While most funds center around real estate projects, any form of substantial improvement into a Qualified Opportunity Zone will satisfy the requirement of a QOZ fund – and that includes bringing in businesses and employment opportunities into these distressed communities. As such, the QOZ Marketplace is a website in progress connecting and identifying Qualified Opportunity Zone tracks and census data, along with a list of Opportunity Zone Funds and real estate properties for those interested in QOZ investing. Because of their tax deferral benefits, getting people seeking to defer their capital gains taxes to invest in these funds probably won’t be an issue. But Mr. Roderick brings up a great point: because QOZ Funds are self-certified, it’s important to be on the outlook for fraud. His advice? Look for a deal with a strong foundation with reputable people – the tax deferral savings is just icing on the cake!
Recent Blog Posts related to QOZ Fund:
Questions? Let me know.
As Crowdfunding grows and investment advisers migrate into the space, we’re going to devote a few blog posts to investment adviser basics:
- Federal vs. State regulation of investment advisers
- Advisers to private funds
- Venture capital advisers
- Duties of investment advisers
- Registration of investment advisers
Today we start with the most basic question: What is an investment adviser?
Here’s the definition from the Investment Adviser Act of 1940:
“[A]ny person who, for compensation, engages in the business of advising others, either directly or through publications or writings, as to the value of securities or as to the advisability of investing in, purchasing, or selling securities, or who, for compensation and as part of a regular business, issues or promulgates analyses or reports concerning securities. . . .”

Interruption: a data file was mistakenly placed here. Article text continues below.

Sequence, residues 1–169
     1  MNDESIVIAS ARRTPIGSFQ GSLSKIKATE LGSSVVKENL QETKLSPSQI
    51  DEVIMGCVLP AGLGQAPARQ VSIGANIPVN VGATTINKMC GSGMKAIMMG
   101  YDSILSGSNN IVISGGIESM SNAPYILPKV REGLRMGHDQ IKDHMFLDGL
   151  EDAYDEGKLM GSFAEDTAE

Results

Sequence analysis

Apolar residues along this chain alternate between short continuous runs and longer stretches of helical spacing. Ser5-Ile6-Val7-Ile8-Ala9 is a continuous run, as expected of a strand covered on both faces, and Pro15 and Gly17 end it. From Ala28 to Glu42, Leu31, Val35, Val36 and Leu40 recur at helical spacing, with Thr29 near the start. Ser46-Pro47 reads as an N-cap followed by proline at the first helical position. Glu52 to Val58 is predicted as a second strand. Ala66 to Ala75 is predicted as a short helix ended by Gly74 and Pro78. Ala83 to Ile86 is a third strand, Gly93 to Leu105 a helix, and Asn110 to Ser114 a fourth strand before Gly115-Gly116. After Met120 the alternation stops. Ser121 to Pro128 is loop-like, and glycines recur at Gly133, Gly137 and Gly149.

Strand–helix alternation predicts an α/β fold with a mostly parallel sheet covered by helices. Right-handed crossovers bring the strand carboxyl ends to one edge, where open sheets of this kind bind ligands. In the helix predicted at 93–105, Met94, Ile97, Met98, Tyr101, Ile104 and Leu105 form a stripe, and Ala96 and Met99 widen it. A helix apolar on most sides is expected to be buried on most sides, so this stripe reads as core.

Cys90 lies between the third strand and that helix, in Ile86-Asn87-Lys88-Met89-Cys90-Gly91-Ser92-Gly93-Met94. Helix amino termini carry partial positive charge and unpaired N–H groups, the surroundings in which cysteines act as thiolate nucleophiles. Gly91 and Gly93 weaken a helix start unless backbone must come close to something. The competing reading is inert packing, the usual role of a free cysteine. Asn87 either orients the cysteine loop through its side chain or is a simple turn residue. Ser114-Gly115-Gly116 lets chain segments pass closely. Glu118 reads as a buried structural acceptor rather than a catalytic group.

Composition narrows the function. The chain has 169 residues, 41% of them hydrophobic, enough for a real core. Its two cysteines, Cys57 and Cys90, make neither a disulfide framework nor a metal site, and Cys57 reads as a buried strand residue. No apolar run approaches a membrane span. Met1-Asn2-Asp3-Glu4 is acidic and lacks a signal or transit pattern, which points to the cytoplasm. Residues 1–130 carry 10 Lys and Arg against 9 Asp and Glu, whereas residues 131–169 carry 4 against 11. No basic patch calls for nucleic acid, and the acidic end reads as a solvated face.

The term “securities” is very broad, covering obvious things like stock, bonds, and interests in limited liability companies, but less obviously things like (1) mortgages, and (2) blockchain tokens that are treated as securities under Howey.
EXAMPLE #1: Molly Smith operates a Crowdfunding site that allows investors to participate in specific mortgage loans made to real estate fix-and-flippers. Because investors choose their own mortgage loans, Molly probably isn’t an investment adviser.
EXAMPLE #2: Samantha O’Hara creates a fund that buys and sells mortgage loans made to real estate fix-and-flippers. If Samantha is deciding which loans the fund will buy and sell, she’s probably an investment adviser.
EXAMPLE #3: John Kelly, software engineer, reads the Wall Street Journal and often gives investment tips to his friends. Because he’s not in business and not being compensated, John isn’t an investment adviser.
EXAMPLE #4: Craig Toricelli creates a fund that buys and sells apartment buildings. Because a fee simple interest in real estate isn’t a “security,” Craig isn’t an investment adviser.
EXAMPLE #5: Gregg Wright creates a fund that buys and sells bitcoin (buy on the dip!). Because bitcoin isn’t a “security,” Gregg isn’t an investment adviser.
A few common exceptions:
- Lawyers, accountants, engineers, and teachers aren’t investment advisers if their performance of advisory services is solely incidental to their professions.
- Brokers and dealers aren’t investment advisers if their performance of advisory services is solely incidental to the conduct of their business as brokers and dealers, and they do not receive any special compensation for advisory services.
- Publishers of bona fide newspapers, newsletters, and business or financial publications of general and regular circulation aren’t investment advisers if their publications meet three requirements:
- The publication must offer only impersonal advice, e., advice not tailored to the individual needs of a specific client, group of clients, or portfolio.
- The publication must contain disinterested commentary and analysis rather than promotional material disseminated by someone touting particular securities.
- The publication must be of general and regular circulation rather than issued from time to time in response to episodic market activity or events affecting the securities industry.
EXAMPLE: Each time Cindy Liu, Esquire finishes work on an ICO, she post on her Facebook page: “Take a look!” Even If her clients think they’re paying for the publicity as well the legal work, Cindy’s not an investment adviser, because she’s not being paid by her Facebook friends.
In that list, you don’t see “advisers to private funds” or “advisers to family offices.” That’s because while these and other common species of investment advisers are exempt from registering with the SEC, they are still investment advisers, which means (1) they are still subject to certain legal obligations, and (2) they still might have to register with a state. More on all that later.
Questions? Let me know.